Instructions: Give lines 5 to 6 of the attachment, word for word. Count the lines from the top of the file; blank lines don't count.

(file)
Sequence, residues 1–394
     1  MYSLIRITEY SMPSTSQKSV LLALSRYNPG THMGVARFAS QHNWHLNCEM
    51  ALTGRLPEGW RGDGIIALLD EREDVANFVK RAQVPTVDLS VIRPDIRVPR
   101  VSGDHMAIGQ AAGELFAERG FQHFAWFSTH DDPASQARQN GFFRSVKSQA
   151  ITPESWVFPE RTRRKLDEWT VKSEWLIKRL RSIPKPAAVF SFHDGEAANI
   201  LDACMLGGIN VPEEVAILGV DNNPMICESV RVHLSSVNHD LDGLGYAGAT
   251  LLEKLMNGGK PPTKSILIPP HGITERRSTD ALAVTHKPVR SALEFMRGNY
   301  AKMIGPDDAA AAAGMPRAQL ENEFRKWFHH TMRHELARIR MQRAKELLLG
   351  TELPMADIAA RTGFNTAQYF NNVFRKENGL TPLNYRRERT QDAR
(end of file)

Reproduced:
   151  ITPESWVFPE RTRRKLDEWT VKSEWLIKRL RSIPKPAAVF SFHDGEAANI
   201  LDACMLGGIN VPEEVAILGV DNNPMICESV RVHLSSVNHD LDGLGYAGAT